THIS PASSES FOR NEWS: Honolulu - Duane "Dog" Chapman, star of A&E's reality show "Dog the Bounty Hunter," has married his longtime sidekick, Beth Smith. The sunset ceremony on the Big Island took place Saturday, a day after the death of Chapman's daughter. Barbara Katy Chapman, 23, was killed in a car accident near her home of Fairbanks, Alaska. Chapman gathered with his 10 surviving children - two of whom he had with Smith - and discussed whether to proceed with the wedding. "They all decided unanimously they should celebrate the wedding and her life," said Michael Feeney, senior vice president of A&E television network. The wedding will be featured in an Aug. 8 episode of the show.
So, another made-for-TV celebrity gets some free pub, while his life is played out for our entertainment. Meanwhile, his daughter isn't cold in the ground. I suppose postponing the wedding would have put the show behind schedule. God forbid. They've been together for 16 years, for Crissakes, would it have killed them to wait? The article also goes on to say:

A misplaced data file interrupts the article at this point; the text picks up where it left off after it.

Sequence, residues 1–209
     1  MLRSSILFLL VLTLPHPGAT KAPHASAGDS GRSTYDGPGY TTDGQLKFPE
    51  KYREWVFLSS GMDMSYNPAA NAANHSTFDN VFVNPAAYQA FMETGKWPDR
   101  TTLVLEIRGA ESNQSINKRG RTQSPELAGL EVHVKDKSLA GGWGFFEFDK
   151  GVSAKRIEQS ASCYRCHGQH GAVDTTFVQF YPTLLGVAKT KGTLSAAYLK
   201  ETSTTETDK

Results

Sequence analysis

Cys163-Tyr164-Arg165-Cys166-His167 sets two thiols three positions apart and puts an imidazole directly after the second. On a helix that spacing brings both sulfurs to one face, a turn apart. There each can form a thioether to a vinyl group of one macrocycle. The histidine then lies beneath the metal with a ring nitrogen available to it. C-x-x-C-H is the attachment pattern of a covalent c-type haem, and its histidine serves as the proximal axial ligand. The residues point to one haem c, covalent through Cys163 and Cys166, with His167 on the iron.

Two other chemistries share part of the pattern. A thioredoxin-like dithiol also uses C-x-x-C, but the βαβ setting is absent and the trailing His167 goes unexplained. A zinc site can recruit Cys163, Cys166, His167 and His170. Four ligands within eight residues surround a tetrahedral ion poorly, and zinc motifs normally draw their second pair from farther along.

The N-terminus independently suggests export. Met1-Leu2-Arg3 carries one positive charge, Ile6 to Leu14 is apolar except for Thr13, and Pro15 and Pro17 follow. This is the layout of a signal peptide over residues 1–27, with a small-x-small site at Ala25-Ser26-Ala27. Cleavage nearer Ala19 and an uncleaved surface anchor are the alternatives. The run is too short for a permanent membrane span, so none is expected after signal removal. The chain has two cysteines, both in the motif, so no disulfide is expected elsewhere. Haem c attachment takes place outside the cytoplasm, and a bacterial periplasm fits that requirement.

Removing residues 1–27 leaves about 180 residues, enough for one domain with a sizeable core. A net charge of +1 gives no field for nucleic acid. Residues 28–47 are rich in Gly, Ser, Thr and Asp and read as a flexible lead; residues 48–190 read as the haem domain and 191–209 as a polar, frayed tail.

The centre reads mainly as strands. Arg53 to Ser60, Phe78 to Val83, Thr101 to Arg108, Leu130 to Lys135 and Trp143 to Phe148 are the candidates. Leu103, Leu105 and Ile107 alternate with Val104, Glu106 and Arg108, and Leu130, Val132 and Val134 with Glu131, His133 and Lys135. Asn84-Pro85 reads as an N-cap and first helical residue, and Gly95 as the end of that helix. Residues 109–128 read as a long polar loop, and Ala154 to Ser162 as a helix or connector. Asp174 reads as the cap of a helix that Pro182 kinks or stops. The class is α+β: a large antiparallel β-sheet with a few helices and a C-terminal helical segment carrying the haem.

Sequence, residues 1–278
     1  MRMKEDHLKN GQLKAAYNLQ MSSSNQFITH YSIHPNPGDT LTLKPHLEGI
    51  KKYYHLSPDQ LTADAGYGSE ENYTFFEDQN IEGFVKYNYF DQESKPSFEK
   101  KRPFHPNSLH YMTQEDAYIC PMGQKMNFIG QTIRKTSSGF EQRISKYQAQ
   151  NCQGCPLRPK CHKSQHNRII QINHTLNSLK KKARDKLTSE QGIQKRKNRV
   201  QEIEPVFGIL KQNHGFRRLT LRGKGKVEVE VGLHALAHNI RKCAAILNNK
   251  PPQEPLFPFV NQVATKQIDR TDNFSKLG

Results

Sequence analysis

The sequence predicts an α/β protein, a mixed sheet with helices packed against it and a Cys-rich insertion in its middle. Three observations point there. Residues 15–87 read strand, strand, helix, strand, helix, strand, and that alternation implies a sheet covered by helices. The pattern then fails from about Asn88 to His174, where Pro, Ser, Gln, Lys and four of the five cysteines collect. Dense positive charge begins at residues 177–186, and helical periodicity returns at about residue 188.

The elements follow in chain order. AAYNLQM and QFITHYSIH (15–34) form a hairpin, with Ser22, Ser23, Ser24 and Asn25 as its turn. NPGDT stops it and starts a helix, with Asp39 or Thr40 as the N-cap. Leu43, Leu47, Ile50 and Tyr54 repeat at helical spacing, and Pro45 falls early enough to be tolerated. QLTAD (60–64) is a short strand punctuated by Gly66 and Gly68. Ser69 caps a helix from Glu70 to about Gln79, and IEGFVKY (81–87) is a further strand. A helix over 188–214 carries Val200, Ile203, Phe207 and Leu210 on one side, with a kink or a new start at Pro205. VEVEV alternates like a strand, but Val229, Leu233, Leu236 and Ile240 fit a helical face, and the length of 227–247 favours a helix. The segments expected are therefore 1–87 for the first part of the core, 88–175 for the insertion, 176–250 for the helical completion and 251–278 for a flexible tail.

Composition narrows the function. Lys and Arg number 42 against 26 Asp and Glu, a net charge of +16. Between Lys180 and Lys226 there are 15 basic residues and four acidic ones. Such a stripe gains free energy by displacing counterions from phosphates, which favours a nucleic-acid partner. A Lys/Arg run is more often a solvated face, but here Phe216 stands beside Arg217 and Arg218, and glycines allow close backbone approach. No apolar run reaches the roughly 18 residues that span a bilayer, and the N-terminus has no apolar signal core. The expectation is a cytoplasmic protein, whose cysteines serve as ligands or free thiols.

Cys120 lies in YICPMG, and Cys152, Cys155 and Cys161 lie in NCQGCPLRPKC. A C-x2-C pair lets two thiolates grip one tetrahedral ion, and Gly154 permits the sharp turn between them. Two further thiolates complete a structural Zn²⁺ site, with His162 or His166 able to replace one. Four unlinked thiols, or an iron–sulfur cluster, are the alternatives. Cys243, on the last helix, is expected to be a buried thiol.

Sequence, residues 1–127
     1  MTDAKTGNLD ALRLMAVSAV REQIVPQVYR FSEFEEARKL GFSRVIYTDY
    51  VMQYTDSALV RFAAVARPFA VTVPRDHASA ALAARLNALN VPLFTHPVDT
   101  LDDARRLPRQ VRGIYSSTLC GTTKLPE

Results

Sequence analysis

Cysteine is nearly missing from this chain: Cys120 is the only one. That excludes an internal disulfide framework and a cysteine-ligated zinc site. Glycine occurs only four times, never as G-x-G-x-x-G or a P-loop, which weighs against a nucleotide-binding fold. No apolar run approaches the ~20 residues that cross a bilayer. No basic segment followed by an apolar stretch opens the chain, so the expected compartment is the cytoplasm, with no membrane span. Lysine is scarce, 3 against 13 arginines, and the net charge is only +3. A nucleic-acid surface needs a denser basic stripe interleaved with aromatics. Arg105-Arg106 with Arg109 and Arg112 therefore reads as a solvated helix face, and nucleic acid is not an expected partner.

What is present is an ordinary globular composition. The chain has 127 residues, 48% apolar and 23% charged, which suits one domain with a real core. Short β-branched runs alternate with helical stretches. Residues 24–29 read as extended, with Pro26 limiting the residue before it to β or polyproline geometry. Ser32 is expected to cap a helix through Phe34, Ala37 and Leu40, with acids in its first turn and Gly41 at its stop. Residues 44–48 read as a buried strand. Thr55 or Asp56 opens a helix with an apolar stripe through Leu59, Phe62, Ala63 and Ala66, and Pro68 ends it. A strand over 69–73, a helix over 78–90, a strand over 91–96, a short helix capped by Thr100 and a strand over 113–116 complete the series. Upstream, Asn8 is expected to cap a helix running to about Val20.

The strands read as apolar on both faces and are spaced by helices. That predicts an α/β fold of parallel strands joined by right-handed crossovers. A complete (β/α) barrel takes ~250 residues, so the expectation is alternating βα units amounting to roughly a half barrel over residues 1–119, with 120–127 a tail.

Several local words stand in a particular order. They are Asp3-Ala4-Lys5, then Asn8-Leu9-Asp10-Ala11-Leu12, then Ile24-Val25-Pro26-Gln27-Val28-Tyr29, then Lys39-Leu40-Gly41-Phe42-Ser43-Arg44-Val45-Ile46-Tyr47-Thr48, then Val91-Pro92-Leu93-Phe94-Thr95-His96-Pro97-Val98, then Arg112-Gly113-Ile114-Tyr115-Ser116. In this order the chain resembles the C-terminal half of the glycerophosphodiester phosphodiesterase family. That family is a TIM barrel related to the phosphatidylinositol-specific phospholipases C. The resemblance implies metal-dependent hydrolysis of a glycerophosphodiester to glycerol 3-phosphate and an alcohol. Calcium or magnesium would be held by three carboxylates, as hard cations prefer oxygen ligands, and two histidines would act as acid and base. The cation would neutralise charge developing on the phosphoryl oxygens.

The couple had planned to honeymoon in Fiji, but may postpone their plans because of the death of Chapman's daughter, Feeney said.
I suppose they "may" postpone the honeymoon because it wasn't going to be part of the TV show. Rats - that's the part I wanted to see.
This is yet another example of a made-for-TV celebrity whose life we wouldn't give a rats ass about if they were not on television. A hundred channels (and I don't even have premium digital cable) creates a lot of programs that wouldn't have seen the light of day a few years ago. We'll watch just about anything: Poker, car remodeling, animal stalking, makeovers and even bounty hunting. I wouldn't mind going back to the days when there were a few less channels and better choices.